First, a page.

The Self-Employed Dilemma: How to Secure a Mortgage


The mortgage industry was designed to accommodate conventional W2 employees. Salaried workers are considered to have more income stability because they receive consistent paychecks from the businesses they work for and often commit to their employers for longer stretches of time. Self-employed individuals don’t fit into the same predictable financial mold. Some lenders may have difficulty determining whether or not income for self-employed individuals is steady enough to make mortgage payments. Others simply might not want to take on any potential risk that a self-employed borrower may present. We caught up with an expert in the field and got answers to the top questions asked! 

1. What does a lender look at when considering to lend for a home mortgage?

When considering an application for a mortgage, lenders will look at several factors which all lead back to the main lending concern, “does the borrower have the ability to repay the loan?”. Now this does come with some technical guidelines that must be met. Unfortunately, it’s not just as simple as making a large income. For W2 income earning employees general guidelines call for a 2 year work history with current or documented future employment, sufficient assets (cash) for closing, a credit score above 580, and a qualifying debt-to-income (DTI) ratio per the selected loan product.  These same general guidelines apply for 1099/self-employed earners with the exception of the qualifying income calculation. Self-employed borrowers typically need to produce 2 years of tax returns in order to calculate the qualifying income for their mortgage application. There are some self-employed loan programs that don’t require income documents, rather they’ll require 12 to 24 months of bank statements to use the business income deposits for the qualifying income calculation.

2. How do you get around a 2+ year work history to be considered for a loan?

For W2 income earning employees underwriting guidelines generally want to see at least a 2 year work history. If you’re fresh out of school, that’s alright. School and technical training for your field can be used as work history. Also, if you’ve been offered a position and can produce an offer letter for your new job, that income can typically be counted towards your qualifying income. If you’re a 1099/self-employed earner, there’s a fairly strict rule requiring 2 years of self-employment history before allowing this income to be used. However, there are some cases in which self-employed income can be used with only 12-24 months history if your transition to becoming a 1099 earner is in the same field earning similar or higher pay. This must also come after working for a substantial amount of time in the same position as a W2 employee. This will depend on the lender specific guidelines as to whether or not it’s accepted.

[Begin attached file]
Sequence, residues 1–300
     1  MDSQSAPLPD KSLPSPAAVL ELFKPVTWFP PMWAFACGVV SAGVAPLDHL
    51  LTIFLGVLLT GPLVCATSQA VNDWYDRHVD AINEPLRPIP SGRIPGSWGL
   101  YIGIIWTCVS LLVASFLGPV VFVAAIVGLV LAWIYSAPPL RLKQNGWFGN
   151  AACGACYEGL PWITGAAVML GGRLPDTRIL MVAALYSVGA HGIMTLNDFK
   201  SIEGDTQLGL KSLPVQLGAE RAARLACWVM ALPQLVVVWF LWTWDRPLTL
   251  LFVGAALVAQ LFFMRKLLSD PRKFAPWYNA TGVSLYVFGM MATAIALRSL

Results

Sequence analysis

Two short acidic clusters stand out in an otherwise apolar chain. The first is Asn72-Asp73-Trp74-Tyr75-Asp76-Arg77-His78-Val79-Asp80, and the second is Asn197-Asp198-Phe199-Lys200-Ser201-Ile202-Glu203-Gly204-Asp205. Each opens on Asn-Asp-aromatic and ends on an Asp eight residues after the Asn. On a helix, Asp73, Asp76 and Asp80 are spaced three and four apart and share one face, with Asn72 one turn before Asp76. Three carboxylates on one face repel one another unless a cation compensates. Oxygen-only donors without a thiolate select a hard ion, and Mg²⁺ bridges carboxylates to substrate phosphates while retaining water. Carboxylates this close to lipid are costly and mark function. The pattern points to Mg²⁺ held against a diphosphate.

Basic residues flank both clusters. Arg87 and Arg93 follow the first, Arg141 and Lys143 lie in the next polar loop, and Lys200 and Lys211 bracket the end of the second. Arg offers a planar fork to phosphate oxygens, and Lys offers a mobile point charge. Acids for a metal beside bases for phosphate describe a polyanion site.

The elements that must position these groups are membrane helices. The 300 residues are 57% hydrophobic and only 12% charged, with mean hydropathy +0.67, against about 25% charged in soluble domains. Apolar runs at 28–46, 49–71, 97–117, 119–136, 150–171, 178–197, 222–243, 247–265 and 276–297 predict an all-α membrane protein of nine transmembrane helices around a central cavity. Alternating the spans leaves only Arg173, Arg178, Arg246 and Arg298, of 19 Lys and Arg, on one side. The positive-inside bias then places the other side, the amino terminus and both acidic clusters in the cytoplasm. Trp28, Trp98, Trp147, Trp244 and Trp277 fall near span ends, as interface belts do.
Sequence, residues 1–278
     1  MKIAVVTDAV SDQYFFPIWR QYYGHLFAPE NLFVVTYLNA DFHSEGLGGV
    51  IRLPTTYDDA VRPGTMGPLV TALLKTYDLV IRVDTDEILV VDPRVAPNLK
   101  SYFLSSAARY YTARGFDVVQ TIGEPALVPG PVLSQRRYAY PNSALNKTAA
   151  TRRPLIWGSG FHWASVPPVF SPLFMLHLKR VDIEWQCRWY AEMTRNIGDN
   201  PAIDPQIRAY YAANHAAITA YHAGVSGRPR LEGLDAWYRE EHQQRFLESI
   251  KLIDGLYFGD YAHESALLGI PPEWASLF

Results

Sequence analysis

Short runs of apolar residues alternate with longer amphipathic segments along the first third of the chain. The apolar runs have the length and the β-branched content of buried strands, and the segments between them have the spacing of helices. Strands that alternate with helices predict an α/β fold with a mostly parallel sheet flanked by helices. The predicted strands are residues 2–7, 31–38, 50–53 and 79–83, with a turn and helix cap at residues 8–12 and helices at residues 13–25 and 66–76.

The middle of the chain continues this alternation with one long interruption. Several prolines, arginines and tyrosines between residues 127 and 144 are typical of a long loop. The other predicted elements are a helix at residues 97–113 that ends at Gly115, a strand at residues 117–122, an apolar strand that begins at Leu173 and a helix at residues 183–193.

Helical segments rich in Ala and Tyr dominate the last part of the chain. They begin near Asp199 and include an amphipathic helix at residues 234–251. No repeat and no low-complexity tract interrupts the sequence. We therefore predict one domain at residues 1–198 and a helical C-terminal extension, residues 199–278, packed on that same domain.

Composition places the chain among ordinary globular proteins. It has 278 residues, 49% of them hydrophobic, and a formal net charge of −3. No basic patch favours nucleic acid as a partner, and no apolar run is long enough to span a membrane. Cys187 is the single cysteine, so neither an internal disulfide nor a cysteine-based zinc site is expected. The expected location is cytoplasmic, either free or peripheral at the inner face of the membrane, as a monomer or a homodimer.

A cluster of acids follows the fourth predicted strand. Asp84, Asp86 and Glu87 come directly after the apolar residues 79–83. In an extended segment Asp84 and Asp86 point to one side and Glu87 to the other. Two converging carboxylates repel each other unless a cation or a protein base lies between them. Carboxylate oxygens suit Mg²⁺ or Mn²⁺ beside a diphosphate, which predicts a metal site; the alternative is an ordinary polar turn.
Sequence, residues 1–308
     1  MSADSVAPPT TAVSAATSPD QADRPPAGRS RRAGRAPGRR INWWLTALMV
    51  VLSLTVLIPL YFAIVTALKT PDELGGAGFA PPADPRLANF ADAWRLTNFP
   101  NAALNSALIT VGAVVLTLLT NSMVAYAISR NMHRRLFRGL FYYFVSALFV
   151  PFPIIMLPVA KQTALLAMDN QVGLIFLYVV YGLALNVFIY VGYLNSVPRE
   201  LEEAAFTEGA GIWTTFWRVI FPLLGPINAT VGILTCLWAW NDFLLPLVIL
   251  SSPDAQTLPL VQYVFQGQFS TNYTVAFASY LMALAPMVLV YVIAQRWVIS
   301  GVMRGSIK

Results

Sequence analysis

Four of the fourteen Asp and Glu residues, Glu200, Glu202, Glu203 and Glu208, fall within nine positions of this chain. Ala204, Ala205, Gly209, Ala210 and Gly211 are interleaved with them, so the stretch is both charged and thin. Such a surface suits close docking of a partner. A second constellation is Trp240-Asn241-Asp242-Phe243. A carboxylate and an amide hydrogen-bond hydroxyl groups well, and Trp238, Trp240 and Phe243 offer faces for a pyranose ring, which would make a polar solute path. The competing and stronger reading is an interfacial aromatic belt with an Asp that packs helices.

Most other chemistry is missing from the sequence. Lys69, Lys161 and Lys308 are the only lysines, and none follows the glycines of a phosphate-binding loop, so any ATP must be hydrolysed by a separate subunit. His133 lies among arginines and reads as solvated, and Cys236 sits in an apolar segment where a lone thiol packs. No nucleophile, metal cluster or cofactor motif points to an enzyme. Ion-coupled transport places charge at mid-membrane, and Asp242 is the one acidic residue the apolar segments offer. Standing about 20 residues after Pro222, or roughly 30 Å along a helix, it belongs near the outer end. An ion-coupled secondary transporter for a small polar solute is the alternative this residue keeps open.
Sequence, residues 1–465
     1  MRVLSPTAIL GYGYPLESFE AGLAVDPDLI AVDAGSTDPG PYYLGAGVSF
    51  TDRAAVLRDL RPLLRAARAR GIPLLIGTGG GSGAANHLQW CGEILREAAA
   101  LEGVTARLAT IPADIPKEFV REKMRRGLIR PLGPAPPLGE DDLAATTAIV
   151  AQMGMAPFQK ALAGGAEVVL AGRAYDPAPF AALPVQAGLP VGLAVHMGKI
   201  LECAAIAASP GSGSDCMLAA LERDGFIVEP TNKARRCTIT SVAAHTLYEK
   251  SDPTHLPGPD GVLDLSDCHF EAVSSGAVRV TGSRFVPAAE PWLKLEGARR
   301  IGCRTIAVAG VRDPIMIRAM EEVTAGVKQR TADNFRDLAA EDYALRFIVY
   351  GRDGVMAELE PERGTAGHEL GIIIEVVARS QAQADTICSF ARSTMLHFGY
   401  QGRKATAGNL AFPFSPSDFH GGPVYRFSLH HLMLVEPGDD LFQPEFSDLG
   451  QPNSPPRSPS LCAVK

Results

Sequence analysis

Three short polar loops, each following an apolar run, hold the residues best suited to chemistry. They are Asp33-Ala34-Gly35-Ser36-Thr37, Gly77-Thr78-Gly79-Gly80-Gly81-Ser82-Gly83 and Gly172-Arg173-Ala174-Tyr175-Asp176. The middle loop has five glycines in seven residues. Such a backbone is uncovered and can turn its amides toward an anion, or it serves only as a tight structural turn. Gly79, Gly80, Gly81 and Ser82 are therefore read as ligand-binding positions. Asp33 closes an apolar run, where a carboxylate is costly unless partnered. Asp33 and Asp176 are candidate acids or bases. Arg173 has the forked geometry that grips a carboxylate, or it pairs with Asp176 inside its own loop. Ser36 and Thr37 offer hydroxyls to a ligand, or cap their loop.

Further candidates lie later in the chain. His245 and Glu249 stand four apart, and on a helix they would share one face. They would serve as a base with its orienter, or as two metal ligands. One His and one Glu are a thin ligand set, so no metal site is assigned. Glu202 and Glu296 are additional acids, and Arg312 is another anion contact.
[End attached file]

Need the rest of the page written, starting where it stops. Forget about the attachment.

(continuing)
3. Are medical professional or physician loans a good option? What do they offer over standard options?

Generally, physician loans are provided by banks or institutions who can lend what are called “portfolio loans”. They will usually be offered as adjustable rate mortgages with little to no down payment required and no private mortgage insurance (PMI). Depending on the lender, these terms may vary some. Another technical difference is that they’ll overlook your student loans which may help some applicants qualify who wouldn’t be able to otherwise. Banks realized they were leaving out other medical professionals, lawyers, teachers, and first responders so they created similar loan options for these fields as well, however, the loan programs for these fields generally aren’t as attractive and not as widely available. Although Google makes it seem as though they are everywhere. In some cases the physician loan is a good option, but it’s not always the right option. If you have sufficient assets for a minimum down payment (3-5%), a decent income in residency, and little to no student loans, then there is no benefit from a physician loan. It’d be better to go for a standard mortgage product such as an Conventional loan. 

4. Are local banks and credit unions the best options for 1099 or self-employed?

Mortgage brokers are the better option if you’re comparing independent lenders vs banks/credit unions for most mortgage products. Banks are only able to lend the rates and products available within their walls. They are only open during banking hours, usually slower to respond to inquiries, charge more in fees, and can be harder to communicate with. 1099 borrowers need to be able to communicate via text message in the OR (I know you do it), talk early in the morning, in the evening, or over the weekend. They need various lending options with the best available interest rates without the extra fees and they need a single contact to make the transaction as efficient as possible. This is what an independent mortgage broker offers.

5. What should you take into consideration when choosing a lender?  

It may seem daunting when figuring out how to choose a lender, however, I help my customers make the decision by coaching them on what to look for. The two things to look for on paper are the interest rate and the lender origination fees. These two items will be what separates each lender from another. All other closing costs associated with the loan (title fees, taxes, insurance, etc) will be the same regardless of which lender you choose since these are 3rd party fees. The relational aspect is another thing to consider. Does this lender communicate well? Are they trustworthy? Are they trying to oversell something? Do they answer their phone/text/email? How quickly do they process loans? Do they care? These are questions to ask yourself when talking with more than one lender.

6. When should you consider an ARM?

You should consider an adjustable rate mortgage (ARM) if the lender shows you that the math makes sense over a fixed rate mortgage. Generally, an ARM would be a good option if the rates are substantially lower (without extra fees) than the fixed rate mortgages, and the initial term of the loan is at least 5-7 years. The initial term of an ARM loan tells you how long the fixed rate will last. The longer the term the less risk you have to manage. The average life of any mortgage is 5-7 years so it’s likely you’ll refinance or even sell the home before the rate reaches it’s first adjustable period.